Sperm evolution across reproductive and fertilization modes

Main funder

Funder's project number: 314219

Funds granted by main funder (€)

  • 226 647,00

Funding program

Project timetable

Project start date: 01/09/2017

Project end date: 31/03/2021


First observed 350 years ago, spermatozoa diversity was soon recognized to be an evolutionary conundrum. However, most studies addressing these questions have looked at taxonomic groups where the variation in sperm is but a fraction, mostly showing quantitative (relative component size) vs. qualitative (component type and presence/absence) interspecific difference. Not surprisingly, many questions remain unanswered. Tardigrada are uniquely suited taxonomic phylum to conduct such research, by having unparalleled diversity in sperm design but providing a view of reproductive evolutionary forces, less confounded by huge phylogenetic spread. I propose an ambitious, forward-looking, yet attainable program, that takes advantage of the exceptional opportunities the biology of this groups offers for present and future (evolutionary) research. Tardigrades are small, transparent animals, with diverse reproductive biology: there are hermaphroditic and bisexual species, the latter with or without sperm storage; both internal and external insemination occurs. They are found globally, and terrestrial taxa can survive extreme conditions by undergoing reversible cryptobiosis (ametabolic state). This project will use a combination of research methods to investigate sperm evolution by comparing sperm form and function across the wide range of selective forces: (i) run comparative analyses using both published (design) and new (function) sperm traits; (ii) conduct experimentally controlled sexual interactions to monitor of mating behaviour and genetically score paternity; (iii) use modern imaging techniques for in vivo and/or in toto monitoring of sperm function from the testis to the egg across the wide range of insemination/fertilization paths. This project offers high potential for immediate and significant contributions to some, so far fundamentally unanswerable, long-standing questions in reproductive evolution. Their peculiar appearance, their incredible biological feats (e.g. survive outer Space) and their consequent promising role in medical applications (x-ray resistance), make tardigrades the ultimate study organism for academic and societal impact purposes. This project will create their first research centre in Finland.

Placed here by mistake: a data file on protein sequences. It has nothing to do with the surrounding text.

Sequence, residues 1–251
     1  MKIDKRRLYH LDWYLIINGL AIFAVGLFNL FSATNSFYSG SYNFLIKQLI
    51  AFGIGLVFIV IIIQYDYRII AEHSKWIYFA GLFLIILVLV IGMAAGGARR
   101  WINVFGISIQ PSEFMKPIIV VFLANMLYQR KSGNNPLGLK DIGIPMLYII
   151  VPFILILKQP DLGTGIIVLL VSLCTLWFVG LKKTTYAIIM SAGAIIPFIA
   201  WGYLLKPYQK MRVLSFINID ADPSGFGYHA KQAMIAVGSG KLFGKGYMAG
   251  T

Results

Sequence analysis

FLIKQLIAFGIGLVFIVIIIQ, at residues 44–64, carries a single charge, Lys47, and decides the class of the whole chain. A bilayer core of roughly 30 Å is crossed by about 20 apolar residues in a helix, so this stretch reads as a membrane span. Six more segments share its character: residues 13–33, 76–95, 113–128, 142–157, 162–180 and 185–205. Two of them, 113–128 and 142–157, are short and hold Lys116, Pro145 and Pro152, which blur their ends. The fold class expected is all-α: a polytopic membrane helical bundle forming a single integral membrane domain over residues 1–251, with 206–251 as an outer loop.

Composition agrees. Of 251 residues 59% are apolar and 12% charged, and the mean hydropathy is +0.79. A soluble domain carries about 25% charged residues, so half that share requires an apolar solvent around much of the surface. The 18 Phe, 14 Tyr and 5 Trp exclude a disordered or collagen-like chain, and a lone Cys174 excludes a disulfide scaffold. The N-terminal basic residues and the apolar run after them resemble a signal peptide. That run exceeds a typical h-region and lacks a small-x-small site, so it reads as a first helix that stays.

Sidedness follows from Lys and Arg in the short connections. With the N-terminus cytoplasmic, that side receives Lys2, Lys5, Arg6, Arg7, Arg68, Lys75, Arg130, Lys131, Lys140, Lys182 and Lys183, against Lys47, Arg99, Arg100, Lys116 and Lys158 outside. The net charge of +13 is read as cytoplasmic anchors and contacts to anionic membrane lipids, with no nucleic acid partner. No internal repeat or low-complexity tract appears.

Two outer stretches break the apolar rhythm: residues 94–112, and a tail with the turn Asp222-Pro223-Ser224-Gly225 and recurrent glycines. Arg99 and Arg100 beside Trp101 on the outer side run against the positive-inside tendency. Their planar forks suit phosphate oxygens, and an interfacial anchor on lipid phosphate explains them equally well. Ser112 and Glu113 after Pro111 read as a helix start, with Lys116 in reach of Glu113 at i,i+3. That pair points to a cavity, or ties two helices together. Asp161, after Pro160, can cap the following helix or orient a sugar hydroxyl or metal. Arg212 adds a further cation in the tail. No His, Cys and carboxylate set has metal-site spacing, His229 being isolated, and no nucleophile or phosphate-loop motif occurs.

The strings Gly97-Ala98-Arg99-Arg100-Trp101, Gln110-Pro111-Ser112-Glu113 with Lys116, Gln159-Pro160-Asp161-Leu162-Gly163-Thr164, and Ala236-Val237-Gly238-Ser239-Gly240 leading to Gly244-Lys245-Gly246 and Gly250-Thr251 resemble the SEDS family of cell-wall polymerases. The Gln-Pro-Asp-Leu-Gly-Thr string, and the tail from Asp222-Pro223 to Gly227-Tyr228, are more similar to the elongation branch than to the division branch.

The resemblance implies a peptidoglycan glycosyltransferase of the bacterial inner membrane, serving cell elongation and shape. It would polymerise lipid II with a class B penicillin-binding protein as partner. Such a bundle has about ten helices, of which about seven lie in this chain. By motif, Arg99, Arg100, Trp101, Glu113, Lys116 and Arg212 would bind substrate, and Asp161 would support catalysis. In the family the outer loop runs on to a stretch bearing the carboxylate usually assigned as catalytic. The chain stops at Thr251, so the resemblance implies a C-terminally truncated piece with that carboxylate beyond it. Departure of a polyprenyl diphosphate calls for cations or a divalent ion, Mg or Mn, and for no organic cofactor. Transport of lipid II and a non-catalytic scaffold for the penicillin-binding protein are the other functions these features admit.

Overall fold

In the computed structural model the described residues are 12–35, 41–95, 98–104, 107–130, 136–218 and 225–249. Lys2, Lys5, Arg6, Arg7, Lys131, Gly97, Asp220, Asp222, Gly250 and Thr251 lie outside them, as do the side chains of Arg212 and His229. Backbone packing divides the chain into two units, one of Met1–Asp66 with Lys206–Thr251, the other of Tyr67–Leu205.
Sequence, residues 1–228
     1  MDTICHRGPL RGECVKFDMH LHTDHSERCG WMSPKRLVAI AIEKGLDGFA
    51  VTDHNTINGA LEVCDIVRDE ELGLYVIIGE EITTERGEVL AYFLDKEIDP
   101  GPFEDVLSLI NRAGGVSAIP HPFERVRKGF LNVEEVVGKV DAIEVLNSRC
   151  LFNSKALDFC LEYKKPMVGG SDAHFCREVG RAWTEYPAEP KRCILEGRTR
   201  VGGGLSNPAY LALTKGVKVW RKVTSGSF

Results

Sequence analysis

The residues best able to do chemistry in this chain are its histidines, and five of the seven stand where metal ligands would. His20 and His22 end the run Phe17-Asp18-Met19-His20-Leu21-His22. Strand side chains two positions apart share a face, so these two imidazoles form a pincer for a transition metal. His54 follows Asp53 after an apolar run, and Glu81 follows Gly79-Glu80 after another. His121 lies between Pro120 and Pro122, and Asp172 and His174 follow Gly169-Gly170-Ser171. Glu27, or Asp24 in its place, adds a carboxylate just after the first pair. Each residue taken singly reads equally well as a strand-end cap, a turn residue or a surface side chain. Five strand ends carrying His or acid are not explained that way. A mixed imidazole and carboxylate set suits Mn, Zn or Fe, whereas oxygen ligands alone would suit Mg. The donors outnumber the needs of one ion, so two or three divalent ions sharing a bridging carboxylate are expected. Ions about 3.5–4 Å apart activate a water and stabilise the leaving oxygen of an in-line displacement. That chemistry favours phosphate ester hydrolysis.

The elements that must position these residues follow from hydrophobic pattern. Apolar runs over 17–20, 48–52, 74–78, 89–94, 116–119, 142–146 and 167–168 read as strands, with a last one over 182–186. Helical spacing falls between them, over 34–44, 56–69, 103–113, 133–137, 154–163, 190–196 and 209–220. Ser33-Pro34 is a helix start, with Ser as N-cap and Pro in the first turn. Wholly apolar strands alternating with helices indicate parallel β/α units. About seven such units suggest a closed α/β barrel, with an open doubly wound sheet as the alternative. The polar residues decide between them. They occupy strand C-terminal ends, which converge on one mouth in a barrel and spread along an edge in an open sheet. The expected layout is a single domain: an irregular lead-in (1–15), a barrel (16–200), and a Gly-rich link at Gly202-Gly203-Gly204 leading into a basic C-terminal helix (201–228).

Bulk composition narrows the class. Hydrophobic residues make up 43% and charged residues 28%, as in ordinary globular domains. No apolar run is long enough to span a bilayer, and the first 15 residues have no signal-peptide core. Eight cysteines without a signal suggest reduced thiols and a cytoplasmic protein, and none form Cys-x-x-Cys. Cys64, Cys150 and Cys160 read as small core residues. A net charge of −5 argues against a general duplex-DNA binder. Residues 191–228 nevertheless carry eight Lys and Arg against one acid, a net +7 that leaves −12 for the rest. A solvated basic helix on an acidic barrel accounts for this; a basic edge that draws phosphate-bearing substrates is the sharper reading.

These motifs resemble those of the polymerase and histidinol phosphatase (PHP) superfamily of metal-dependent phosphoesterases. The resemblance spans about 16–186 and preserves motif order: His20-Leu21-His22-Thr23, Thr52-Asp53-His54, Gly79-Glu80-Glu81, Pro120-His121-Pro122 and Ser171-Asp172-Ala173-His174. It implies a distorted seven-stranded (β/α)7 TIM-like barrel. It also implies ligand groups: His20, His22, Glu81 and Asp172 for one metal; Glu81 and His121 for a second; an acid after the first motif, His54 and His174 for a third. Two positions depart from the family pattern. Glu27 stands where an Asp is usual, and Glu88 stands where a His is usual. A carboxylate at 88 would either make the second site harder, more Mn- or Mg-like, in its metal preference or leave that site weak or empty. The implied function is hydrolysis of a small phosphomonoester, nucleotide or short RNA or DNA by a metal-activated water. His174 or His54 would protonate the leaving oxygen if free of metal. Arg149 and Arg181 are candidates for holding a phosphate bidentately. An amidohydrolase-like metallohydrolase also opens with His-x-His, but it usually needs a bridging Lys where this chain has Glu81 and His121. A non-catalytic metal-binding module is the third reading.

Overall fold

Principal Investigator

Primary responsible unit

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Last updated on 2022-23-08 at 23:59